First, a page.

iBterferin|r requests which are brought before
him by his creatures. These and such like ob-
jections arise from mean and unworthy thoughts
of the Great Creator. It seems as if those who
make thom considered the Most High as * such
an one as themselves ;* a Being, who can per-
form a certain givei^ quantity of business, but
who would be overpowered with an additional
quantity. Or, at best, is it not oonsidering the
Almighty in the light, not of an infinite God,
but of a great man, of a minister, or a king,
who, while he superintends public and national
eoncerns, is obliged to n^lect small and indivi-
dual petitions, because his hands being full he
cannot spare that leisure and attention which
suffice for every thing 7 They do not consider
htm as that infinitely glorious Being, who while
he beholds at once ul that is doing in heaven
and in earth, is at the same time as attentive to
the prayer of the poor destitute, as present to
the sorrowful sighing of the prisoner, as if each
of these forlorn creatures were individually the
object of his undivided attention.

These critics, who are for sparing the So-

feme Being the trouble of our prayers, and, if
may so speak without pro&neness, would re-



lieve Omnipotence of part of his burden, by as-
signing to his care only such a portion as may
be more easilj^ managed, seem to have no ade-
quate conception of his attributes.

They forget that infinite wisdom puts him as
easily withm reach of all knowledge, as infimte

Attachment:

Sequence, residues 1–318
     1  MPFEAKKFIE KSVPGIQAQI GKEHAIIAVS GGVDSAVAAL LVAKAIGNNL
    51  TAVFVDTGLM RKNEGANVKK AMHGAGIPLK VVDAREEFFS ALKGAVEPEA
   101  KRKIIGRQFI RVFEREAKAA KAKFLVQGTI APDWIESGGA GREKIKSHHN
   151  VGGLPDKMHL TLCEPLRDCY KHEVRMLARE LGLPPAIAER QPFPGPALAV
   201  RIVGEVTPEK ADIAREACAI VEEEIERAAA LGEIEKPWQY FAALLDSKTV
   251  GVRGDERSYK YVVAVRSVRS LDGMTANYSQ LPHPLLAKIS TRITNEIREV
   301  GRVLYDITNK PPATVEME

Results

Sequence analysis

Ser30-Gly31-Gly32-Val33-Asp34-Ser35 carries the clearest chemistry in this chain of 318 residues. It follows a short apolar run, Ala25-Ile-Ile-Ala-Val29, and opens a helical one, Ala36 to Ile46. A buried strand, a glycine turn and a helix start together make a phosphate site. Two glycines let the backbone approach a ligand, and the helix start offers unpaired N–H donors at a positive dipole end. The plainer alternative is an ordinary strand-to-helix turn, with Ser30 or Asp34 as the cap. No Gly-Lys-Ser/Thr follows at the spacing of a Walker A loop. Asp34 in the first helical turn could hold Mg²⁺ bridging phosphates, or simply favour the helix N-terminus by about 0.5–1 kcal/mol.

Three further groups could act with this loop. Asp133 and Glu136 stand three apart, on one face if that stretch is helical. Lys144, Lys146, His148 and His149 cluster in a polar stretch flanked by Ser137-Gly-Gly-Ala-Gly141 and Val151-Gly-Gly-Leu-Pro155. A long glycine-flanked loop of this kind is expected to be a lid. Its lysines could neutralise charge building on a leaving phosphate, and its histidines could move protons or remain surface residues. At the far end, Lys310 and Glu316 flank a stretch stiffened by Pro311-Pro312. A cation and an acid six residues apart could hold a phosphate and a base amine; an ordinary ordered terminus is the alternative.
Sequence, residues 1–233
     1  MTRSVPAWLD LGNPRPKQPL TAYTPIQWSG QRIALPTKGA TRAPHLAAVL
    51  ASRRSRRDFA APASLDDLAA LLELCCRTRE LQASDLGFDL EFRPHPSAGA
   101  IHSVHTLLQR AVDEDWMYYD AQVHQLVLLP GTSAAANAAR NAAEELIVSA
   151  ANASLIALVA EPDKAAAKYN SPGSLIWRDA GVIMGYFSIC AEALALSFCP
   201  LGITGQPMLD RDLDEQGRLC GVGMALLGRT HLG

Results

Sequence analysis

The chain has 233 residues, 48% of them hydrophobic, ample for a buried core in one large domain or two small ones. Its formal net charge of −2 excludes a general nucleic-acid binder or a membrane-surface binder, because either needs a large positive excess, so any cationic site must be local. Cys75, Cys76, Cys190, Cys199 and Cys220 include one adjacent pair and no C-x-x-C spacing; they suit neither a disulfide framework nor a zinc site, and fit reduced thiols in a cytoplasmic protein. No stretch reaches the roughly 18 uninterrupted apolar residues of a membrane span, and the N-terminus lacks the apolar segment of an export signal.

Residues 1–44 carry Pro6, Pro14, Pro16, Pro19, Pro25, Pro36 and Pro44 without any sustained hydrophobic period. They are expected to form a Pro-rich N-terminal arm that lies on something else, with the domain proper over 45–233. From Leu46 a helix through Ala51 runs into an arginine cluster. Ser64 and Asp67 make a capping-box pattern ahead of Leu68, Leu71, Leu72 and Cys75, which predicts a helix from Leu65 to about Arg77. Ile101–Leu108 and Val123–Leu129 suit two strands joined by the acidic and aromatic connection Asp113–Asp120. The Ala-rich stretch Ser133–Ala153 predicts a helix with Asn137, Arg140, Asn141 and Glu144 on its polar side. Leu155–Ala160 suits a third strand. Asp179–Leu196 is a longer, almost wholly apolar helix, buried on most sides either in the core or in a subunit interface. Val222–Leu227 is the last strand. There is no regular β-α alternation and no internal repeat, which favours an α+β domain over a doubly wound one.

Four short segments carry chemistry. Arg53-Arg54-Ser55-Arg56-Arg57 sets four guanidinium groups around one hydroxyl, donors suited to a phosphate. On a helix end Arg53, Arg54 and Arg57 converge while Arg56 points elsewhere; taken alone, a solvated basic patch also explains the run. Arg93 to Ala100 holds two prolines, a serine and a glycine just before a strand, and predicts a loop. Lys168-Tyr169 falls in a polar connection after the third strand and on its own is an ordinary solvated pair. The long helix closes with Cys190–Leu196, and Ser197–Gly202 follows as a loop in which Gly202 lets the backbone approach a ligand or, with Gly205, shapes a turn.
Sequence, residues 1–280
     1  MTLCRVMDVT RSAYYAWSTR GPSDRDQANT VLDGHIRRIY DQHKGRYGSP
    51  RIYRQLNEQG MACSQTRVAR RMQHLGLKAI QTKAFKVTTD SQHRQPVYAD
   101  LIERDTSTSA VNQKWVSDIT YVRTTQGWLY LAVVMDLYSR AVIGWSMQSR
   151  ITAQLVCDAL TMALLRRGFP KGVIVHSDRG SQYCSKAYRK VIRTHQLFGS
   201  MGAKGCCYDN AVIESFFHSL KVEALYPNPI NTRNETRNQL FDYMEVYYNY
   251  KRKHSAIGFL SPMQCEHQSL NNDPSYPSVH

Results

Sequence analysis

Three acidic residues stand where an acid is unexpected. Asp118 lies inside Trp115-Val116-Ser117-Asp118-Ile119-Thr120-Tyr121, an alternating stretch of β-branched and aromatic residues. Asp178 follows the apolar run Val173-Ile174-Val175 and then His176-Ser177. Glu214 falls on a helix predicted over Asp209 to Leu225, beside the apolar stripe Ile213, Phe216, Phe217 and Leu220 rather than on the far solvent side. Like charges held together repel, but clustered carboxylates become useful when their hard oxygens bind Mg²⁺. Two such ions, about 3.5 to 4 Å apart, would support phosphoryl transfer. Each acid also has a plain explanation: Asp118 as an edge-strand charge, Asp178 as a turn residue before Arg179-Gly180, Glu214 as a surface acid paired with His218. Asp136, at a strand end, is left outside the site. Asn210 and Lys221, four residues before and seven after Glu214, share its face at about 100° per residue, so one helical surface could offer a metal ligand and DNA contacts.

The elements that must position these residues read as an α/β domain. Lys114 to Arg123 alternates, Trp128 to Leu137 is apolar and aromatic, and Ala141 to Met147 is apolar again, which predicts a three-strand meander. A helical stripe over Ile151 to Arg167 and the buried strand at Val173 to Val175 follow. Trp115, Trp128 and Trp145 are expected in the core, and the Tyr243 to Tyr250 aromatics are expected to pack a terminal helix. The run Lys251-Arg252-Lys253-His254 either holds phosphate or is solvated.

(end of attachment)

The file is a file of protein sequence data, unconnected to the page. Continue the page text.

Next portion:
power does of all performance ; that he is a Be
ing in whose plans complexity makes no diffi
omty, variety no obstruction, and multiplicity
no confusion ; that to ubiquity distance does not
exist ; that to infinity space is annihilated ; that
past, present, and future, are discerned more
accurately at one glance of his eye, to whom a
thousand yeft|s are as one da^, than a single
moment of time or a single pomt of apace can
be by ours.

To the other part of the objection, founded on
the supposed interference (that is irreconcilable-
ness) of one man*s petitions with those of an-
other, this answer seems to suggest itself: first,
that we must take care that when we ask, we
do not * ask amiss ;* that for instance, we ask
chiefly, and in an unqualified manner, only for
spiritual blessings to ourselves and others ; and
in doing this the prayer of one roan cannot in*
torfere with that of another, because no proper-
tion of sanctity or virtue implored by one ob-
structs the same attainments m another. Next
in asking for temporal and inferior blessings,
we must qualify our petition, even though it
should extend to deliverance fVom the severest
pains, or to our very life itself, according to that
exami^ of our Saviour : * Father if^itoe potsi"
&Zs, let this cup pass from me. Netertheles*,
not my wiU^ but thine, be done.* By thus qua-
lifying our prayer, we exercise ourselves in an
act of resi^fnation to God : we profess not to wish
what will interfore with his benevolent plan, and
^et we may hope by prayer to secure the bless-
mg so far as it is consistent with it Perhaps
the reason why this objection^ to prayer is so
strongly felt, is the too great disposition to pray
for merely temporal and worldly blessings, and
to desire them in the most unqualified manner,
not submitting to be without them, even thouj^h
the granting them should be inconsistent with
the general plan of Providence.

Another class continue to bring forward, as
pertinaciously as if it had never been answered,
the exhausted argument, that seeing God is im*
mutable, no petitions of ours can ever change
Him : that evento themselves being settled in a
fixed and unalterable course, and bound in a fa-
tal necessity, it is folly to think that we can dis-
turb the esteblished laws of the universe, or in-
terrupt the course of Providence by our prayers :
and that it is absurd to suppose these firm de-
crees can be reversed by any requests of ours.

Without entering into the wide and trackless
field of fate and fr^ will, from which pursuit I
am kept back equally by the most profound ig.
noranoe and the most invincible dislike, I would